Conservation groups put ministers on notice over Southern Resident killer whales

Faced with declining stocks of Chinook salmon, their primary source of food, and acoustic and physical disturbance from vessels, which interferes with their ability to hunt and communicate, the Southern Residents are at serious risk of malnutrition and starvation.

Juvenile killer whale and mother off the coast of British Columbia.

Photo by Eric Sambol.

Conservation groups are putting Minister of Environment and Climate Change Catherine McKenna and Minister of Fisheries and Oceans Dominic LeBlanc on notice as the groups race to secure protection for endangered Southern Resident killer whales.

In an April 5 letter sent on behalf of David Suzuki Foundation, Georgia Strait Alliance, Natural Resources Defense Council, Raincoast Conservation Foundation and World Wildlife Fund Canada, Ecojustice lawyers notified the ministers that the groups “may be forced to take action” if McKenna and LeBlanc fail to recommend an emergency order under the Species at Risk Act before May 1.

That date marks the beginning of the Southern Residents’ annual return to their critical habitat in the Salish Sea, their primary home from May to October.

Since issuing a petition to the ministers in January, 2018, the groups have repeatedly called for an emergency order to protect the Southern Residents from critical threats to their immediate and long-term survival.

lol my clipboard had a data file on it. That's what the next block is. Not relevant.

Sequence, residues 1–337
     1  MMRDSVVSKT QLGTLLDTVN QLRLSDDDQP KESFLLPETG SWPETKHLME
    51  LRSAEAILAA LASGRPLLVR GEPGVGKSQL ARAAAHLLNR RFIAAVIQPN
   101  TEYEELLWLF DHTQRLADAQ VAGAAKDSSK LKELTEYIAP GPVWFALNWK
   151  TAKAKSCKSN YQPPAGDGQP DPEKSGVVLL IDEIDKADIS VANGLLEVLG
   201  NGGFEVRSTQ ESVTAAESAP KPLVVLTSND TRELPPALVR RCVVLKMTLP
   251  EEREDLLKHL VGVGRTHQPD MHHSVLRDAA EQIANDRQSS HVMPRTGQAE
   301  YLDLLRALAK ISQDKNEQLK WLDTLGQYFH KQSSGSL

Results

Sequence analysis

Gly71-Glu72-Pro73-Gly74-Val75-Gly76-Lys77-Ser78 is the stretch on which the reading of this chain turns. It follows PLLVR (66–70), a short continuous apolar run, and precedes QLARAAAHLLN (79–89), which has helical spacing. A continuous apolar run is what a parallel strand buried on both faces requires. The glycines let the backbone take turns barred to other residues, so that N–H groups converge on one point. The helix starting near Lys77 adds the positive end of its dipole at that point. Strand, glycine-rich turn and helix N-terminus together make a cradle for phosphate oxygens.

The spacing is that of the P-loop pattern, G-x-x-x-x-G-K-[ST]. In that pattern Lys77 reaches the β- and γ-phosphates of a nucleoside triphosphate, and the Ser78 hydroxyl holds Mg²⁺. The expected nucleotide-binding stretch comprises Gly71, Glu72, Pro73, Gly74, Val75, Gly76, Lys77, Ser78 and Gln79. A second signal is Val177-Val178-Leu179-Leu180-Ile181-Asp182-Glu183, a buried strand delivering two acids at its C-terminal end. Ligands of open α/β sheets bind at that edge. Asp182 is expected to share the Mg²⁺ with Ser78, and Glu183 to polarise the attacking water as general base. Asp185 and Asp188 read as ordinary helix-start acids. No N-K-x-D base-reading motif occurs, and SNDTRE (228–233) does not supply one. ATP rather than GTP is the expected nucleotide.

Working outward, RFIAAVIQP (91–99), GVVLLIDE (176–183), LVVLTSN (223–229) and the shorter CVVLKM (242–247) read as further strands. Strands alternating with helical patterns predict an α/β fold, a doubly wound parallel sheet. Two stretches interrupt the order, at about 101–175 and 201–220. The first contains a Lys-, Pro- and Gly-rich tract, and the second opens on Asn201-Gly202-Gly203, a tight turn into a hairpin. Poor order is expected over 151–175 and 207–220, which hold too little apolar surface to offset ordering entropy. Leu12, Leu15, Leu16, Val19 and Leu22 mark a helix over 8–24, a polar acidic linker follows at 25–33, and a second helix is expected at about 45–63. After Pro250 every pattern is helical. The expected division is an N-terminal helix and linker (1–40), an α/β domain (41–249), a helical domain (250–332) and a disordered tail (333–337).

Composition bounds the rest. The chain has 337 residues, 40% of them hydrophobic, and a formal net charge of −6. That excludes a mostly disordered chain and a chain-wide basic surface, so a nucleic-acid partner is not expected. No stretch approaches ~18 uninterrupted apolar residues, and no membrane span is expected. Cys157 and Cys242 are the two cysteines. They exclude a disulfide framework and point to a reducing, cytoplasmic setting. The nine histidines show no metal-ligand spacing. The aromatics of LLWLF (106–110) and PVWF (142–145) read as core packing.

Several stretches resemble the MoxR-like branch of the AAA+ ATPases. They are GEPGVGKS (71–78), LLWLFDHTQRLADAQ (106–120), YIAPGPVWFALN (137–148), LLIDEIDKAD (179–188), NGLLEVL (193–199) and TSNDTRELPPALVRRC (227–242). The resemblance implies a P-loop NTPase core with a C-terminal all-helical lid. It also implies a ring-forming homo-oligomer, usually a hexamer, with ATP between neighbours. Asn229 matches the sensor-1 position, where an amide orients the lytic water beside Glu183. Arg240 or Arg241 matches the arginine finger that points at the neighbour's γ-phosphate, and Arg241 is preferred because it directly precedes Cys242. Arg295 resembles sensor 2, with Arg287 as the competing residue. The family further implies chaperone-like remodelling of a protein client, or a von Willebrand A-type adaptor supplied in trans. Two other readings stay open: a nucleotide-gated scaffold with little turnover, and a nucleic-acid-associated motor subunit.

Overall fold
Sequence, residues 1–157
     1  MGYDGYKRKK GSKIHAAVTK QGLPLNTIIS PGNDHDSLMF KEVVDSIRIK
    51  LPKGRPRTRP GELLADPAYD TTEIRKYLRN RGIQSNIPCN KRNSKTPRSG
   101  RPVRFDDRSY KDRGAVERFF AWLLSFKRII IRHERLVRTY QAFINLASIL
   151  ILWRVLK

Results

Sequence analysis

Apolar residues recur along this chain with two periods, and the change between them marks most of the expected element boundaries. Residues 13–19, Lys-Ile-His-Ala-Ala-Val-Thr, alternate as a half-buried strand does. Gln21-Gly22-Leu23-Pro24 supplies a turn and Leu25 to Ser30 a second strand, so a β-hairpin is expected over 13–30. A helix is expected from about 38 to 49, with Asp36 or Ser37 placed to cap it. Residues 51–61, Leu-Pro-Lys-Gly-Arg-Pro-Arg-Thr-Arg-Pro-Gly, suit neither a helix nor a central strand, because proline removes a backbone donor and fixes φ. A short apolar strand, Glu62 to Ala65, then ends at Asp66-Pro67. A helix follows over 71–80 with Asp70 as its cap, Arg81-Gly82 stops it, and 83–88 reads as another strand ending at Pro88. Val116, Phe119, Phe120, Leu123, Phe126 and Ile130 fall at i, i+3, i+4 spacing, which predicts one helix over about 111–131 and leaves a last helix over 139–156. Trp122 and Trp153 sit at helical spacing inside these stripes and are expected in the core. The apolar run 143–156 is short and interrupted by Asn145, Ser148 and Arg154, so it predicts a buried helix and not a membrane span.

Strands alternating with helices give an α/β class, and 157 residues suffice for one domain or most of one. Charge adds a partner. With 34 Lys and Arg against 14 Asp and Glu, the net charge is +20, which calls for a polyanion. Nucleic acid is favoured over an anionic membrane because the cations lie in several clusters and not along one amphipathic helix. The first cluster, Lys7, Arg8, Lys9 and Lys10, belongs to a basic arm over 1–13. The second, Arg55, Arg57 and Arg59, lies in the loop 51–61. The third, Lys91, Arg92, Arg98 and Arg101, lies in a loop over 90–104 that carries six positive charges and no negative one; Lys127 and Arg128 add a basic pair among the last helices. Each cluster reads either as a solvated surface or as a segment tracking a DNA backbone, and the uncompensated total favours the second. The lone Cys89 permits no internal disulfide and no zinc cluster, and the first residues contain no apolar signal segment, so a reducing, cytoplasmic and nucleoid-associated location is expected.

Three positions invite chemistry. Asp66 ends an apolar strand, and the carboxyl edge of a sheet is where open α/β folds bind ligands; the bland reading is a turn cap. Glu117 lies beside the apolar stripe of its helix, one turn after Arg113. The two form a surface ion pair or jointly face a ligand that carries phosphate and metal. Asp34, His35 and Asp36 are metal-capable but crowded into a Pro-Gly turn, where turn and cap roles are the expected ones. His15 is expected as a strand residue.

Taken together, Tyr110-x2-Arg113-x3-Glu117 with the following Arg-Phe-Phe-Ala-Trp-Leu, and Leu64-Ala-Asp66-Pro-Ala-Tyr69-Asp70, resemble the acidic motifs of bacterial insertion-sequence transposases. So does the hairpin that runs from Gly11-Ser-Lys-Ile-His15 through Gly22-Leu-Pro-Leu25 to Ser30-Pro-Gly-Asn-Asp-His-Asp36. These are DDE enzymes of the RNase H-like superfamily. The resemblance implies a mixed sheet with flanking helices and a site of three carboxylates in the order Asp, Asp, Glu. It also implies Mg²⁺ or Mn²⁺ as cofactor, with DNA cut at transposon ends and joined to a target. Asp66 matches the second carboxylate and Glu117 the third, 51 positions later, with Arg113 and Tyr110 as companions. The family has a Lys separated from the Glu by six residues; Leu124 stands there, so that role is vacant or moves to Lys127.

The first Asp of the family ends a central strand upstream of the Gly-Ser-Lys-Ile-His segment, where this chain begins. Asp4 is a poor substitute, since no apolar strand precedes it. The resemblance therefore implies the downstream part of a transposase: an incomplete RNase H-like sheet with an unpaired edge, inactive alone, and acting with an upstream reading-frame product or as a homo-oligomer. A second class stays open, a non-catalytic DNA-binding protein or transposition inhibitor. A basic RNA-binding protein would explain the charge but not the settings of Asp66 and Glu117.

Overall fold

An emergency order is the most effective way for government to cut through red tape and take swift action to address imminent threats to the Southern Residents.

On March 21, the groups met with Fisheries and Oceans Canada, Environment and Climate Change Canada and Transport Canada to discuss the government’s plans with respect to the Southern Resident killer whales.

Unfortunately, ministry representatives would not commit to an emergency order at that time.

They also failed to identify other specific enforceable actions to protect the Southern Residents this upcoming season, with the exception of proposing an experimental fishing closure for salmon or finfish in some key foraging areas.

Faced with the possibility that the 2018 season could pass without enforceable measures to protect the Southern Residents, in particular from disturbance by recreational boaters, whale watchers and shipping, Ecojustice signaled the groups’ willingness to take further steps — including legal action — if the ministers do not recommend an emergency order or equivalent mandatory protections by May 1.

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Southern Resident killer whales make up a genetically and culturally distinct population of orcas that feeds on salmon. Only 76 members of the population remain.

Faced with declining stocks of Chinook salmon, their primary source of food, and acoustic and physical disturbance from vessels, which interferes with their ability to hunt and communicate, the Southern Residents are at serious risk of malnutrition and starvation.